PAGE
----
The 4J Bar…

I’d like to avoid using this blog as a way to vent my frustrations but I’ve got to bring up the bane of my drinking existence…The 4J Bar. What is a 4J Bar you ask? Oh you’ve seen them whether you know it or not. It could be a restaurant, a pub, a hotel bar, or any other trendy or not so trendy place to grab a drink. You’ll know the 4J Bar because when you look up behind the bartender you only see around four different whiskies. Usually they consist of Jack Daniels, Jim Beam, John Walker, and Jameson. This may not be the exact make up of the bar (and I personally have nothing against any of these) but my list is alliterative and you get the gist of what I’m saying. Basically, their whiskey selection doesn’t really exist. I’m not saying that every place that serves alcohol should be a whiskey bar (God I wish!) but especially places that obviously put thought into their beer and wine selections could put a little more effort toward their whiskey.

The kicker is that those four or so bottles of whiskey are bunched in around 400 bottles of vodkas and liqueurs. I’m sorry but you just don’t need that much vodka. You’re paying for the name not the taste (or lack there of). Nine times out of ten that vodka’s going into a cocktail where you can’t tell if it’s Grey Goose or Smirnoff. Show me someone who can and I’ll show you a liar. “But I drink my vodka straight and I can tell the difference.” No you can’t. At best you can sort them into three groups: Premium, mid-tier, and crap. If I line you up with a blind tasting of Grey Goose, Belvedere, Ulitmat, and Stolichnaya and tell you to pick Belvedere out of that group you’ll probably be right…25% of the time.

Why am I harping on this? Because whiskey isn’t like vodka, they all taste different. However, we live in a vodka world. It’s cheaper for the bar to buy and they sell those cocktails for the same price as a quality dram. And the endless herds of Trendy Wendys buy them by the gallons. Buy cheap, sell high, vodka wins every time.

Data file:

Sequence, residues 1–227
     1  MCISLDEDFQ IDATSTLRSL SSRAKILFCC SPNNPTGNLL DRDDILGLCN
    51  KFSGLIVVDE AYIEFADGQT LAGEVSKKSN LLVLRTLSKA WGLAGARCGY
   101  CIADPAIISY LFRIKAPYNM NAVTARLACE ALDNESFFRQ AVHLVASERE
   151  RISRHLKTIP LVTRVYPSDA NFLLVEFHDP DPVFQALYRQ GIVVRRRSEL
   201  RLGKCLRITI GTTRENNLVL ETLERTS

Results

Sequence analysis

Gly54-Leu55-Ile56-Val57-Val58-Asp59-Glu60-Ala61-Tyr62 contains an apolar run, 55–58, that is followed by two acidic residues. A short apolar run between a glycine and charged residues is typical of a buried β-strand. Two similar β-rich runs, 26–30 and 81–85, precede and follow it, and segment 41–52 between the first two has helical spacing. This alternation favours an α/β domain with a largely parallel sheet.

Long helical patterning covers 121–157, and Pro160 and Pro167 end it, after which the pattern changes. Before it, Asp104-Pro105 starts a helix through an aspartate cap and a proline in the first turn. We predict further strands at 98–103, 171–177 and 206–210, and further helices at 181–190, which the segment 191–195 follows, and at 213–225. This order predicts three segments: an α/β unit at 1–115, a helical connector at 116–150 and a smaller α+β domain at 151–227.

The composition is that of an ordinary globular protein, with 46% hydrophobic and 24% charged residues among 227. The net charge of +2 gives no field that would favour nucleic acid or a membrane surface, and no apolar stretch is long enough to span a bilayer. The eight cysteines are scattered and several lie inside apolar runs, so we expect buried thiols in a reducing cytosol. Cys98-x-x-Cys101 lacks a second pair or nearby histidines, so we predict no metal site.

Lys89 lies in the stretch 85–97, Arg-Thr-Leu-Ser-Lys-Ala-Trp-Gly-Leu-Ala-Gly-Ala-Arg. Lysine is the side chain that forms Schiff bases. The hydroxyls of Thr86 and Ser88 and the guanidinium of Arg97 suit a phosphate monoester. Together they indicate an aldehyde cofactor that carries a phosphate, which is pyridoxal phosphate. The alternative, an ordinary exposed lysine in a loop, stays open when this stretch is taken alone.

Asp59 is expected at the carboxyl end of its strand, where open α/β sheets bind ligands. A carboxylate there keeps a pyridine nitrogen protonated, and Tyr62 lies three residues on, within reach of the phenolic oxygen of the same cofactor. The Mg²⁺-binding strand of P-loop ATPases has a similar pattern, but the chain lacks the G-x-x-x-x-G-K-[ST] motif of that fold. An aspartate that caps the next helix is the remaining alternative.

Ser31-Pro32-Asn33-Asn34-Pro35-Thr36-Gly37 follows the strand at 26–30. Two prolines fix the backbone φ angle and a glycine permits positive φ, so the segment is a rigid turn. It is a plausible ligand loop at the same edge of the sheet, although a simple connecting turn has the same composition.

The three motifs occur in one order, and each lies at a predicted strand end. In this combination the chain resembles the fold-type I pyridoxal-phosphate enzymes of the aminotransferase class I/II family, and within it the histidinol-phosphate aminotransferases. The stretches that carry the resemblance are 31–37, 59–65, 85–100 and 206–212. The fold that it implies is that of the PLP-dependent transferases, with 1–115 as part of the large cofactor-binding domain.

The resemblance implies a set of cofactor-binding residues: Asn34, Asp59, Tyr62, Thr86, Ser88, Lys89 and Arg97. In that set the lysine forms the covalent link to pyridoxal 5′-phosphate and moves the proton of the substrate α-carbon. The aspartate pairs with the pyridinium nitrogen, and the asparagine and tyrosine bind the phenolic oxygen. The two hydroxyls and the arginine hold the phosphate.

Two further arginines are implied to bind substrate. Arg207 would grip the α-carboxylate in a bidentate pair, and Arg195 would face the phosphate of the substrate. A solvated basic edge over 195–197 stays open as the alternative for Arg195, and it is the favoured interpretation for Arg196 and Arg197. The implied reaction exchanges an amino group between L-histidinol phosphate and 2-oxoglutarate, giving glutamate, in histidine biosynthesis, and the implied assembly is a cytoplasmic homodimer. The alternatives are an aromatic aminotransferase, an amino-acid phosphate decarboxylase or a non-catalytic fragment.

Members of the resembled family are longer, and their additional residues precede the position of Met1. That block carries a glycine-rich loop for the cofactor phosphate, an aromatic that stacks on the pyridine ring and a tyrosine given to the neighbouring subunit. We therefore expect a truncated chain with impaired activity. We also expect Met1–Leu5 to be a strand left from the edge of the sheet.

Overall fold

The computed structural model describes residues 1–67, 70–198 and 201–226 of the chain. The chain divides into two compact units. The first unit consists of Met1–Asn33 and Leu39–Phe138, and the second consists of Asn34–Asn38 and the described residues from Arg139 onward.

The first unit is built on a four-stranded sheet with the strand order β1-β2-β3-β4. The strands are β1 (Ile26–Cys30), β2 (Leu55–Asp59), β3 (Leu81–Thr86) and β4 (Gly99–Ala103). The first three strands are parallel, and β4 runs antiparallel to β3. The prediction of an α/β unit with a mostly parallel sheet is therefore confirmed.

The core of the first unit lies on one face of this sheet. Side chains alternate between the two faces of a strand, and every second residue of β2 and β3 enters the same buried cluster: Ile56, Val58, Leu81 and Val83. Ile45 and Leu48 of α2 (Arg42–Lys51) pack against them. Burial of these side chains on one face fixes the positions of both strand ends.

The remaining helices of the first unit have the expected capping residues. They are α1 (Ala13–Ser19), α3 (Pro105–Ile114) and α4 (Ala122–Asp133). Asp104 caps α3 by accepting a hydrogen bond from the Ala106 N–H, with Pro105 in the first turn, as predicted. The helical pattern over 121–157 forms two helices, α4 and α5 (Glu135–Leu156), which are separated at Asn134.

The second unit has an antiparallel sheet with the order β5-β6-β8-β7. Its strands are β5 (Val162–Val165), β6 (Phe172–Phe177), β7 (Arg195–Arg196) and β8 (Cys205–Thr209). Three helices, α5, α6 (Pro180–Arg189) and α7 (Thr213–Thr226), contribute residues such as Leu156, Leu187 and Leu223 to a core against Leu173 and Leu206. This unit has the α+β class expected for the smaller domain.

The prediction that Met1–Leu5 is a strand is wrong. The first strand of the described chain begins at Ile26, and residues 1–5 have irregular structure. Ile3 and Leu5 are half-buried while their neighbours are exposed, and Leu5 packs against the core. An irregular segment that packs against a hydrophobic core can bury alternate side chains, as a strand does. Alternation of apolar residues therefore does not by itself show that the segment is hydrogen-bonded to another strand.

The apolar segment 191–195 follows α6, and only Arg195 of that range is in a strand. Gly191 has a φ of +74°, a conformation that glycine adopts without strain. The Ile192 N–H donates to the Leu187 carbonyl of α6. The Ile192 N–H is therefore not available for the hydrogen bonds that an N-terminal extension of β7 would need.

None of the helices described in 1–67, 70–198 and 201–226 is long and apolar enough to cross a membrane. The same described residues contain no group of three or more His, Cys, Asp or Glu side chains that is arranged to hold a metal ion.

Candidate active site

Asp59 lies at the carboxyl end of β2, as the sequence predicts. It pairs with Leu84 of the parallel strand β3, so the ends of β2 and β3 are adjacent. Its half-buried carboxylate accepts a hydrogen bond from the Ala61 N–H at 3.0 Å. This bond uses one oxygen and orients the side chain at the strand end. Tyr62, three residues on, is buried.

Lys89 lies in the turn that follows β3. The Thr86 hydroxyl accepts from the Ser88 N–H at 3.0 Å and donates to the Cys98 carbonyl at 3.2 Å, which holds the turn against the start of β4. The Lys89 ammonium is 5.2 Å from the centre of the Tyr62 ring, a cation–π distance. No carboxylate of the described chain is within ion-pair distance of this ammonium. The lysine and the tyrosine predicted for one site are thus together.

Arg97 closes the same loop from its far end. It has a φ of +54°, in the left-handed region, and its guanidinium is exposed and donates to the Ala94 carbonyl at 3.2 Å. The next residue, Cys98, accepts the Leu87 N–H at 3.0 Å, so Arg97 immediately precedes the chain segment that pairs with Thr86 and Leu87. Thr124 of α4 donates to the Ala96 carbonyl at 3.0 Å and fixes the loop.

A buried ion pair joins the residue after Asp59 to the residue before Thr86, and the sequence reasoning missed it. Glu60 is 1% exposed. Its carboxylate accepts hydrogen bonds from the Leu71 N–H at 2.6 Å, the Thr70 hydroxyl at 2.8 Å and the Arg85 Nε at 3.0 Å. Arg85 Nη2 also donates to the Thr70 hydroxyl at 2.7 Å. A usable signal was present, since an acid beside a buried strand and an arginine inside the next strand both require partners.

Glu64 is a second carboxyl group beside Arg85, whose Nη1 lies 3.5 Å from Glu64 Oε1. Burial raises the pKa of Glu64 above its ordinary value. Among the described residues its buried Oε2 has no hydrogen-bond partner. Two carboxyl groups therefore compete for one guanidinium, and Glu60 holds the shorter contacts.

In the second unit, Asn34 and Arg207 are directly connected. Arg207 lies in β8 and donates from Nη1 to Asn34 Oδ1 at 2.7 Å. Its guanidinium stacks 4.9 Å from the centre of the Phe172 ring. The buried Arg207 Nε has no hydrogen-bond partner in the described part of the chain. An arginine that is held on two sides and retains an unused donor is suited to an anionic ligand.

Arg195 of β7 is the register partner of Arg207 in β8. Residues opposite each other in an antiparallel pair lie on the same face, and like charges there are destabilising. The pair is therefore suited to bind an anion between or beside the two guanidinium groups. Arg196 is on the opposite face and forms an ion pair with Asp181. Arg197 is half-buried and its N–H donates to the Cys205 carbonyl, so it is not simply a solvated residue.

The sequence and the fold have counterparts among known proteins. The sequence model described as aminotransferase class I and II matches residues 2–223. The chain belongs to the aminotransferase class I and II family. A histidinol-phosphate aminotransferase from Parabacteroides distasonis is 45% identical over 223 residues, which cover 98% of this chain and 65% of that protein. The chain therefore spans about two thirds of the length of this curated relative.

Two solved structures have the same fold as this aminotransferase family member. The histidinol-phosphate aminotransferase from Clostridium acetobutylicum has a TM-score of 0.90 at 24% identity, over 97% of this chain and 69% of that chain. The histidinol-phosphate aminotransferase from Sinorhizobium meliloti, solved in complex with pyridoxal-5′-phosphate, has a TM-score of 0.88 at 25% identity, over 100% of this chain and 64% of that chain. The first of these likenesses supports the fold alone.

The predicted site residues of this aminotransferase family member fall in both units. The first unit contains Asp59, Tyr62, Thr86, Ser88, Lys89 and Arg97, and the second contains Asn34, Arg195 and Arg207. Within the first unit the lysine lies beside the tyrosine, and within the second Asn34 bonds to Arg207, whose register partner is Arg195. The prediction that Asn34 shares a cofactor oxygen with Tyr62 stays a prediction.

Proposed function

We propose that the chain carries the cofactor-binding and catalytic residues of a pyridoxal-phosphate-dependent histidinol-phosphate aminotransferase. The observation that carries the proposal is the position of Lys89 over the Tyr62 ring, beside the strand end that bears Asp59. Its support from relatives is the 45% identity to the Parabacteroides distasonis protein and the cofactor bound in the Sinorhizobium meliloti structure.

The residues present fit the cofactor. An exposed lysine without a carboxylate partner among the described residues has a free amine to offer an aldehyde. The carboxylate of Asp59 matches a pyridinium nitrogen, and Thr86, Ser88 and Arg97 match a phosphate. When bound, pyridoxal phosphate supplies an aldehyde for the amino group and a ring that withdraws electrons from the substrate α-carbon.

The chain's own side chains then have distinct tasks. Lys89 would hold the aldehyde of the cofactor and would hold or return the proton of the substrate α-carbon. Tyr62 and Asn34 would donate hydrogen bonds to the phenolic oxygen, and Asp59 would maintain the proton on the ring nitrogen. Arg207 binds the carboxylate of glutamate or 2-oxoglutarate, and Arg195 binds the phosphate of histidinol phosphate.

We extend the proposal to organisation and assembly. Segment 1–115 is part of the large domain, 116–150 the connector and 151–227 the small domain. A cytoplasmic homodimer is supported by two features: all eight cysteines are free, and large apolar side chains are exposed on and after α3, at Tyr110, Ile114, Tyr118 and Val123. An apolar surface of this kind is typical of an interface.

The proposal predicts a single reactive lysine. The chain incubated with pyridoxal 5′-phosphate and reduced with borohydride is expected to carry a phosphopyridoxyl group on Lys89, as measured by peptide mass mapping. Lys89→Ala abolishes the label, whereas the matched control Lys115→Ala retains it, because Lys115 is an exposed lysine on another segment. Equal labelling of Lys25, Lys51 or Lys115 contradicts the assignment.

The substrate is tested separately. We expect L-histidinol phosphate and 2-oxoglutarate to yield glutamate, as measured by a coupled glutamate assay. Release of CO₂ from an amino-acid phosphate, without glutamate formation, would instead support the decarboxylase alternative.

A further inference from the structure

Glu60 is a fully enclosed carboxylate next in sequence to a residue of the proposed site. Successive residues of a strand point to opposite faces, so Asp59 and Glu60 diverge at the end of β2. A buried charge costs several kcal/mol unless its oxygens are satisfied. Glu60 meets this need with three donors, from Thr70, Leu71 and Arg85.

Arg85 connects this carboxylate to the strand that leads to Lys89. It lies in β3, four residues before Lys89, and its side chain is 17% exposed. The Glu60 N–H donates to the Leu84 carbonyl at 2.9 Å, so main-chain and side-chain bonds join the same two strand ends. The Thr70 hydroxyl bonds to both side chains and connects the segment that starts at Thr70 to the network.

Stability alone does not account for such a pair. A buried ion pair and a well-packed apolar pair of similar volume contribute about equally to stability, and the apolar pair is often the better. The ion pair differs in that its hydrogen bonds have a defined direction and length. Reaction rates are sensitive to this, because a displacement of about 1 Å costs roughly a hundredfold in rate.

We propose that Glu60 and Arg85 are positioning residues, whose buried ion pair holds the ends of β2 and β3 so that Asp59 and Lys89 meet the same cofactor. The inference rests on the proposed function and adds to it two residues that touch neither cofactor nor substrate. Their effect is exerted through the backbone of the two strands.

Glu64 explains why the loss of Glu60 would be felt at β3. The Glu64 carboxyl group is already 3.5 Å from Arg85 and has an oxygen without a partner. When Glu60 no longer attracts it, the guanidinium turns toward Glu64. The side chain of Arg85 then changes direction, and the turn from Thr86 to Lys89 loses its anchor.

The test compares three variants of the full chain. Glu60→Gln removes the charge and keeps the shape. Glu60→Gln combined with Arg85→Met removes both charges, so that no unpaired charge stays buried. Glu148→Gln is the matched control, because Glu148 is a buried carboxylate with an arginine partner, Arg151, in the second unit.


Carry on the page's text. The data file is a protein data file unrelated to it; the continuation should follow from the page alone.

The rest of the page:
So what can we do about this you say? Say something. Ask the bartender why they don’t stock more whiskies. Tell the manager that you love the food but you’d like to see more whiskies on the bar menu. Mention to the owner what a rising tide there is in the interest of quality whiskies and that they could really capitalize on that with just a little more variety. Make your voice heard. Eventually, if enough of us say something we might start seeing a bottle of Macallan or Rittenhouse.

-Richard

Keeping an open mind…

This being my first blog (both for Whisk(e)y Apostle (and in general).  I thought that the topic should be relatively important. There are a lot of things I could go on about but what I really want to address is an issue that I’ve seen for years and continue to see. It’s something that affects both the seasoned whisky devotee and the neophyte alike…open mindedness. I can’t tell you the number of times I’ve seen someone snub their nose at one drink or another because of perceived inferiority. Irish whiskey, bourbon, blended scotch, and Canadian whisky come up most often but I don’t think any drink is immune to this phenomenon.
This usually manifests in one of the following ways:

1. “The flavors aren’t as pronounced” – B.S.

There are a multitude of flavors in every type of whisky if you’re just open minded enough to give them a chance. The flavors can be very different from type to type and within types, but that discovery is half the fun. Don’t let anyone tell you a blended scotch is bland. A good blended scotch can be a symphony of layered flavors in the hands of a good blender. You’ll only know if you try it for yourself.

2. “They aren’t made as well” – B.S.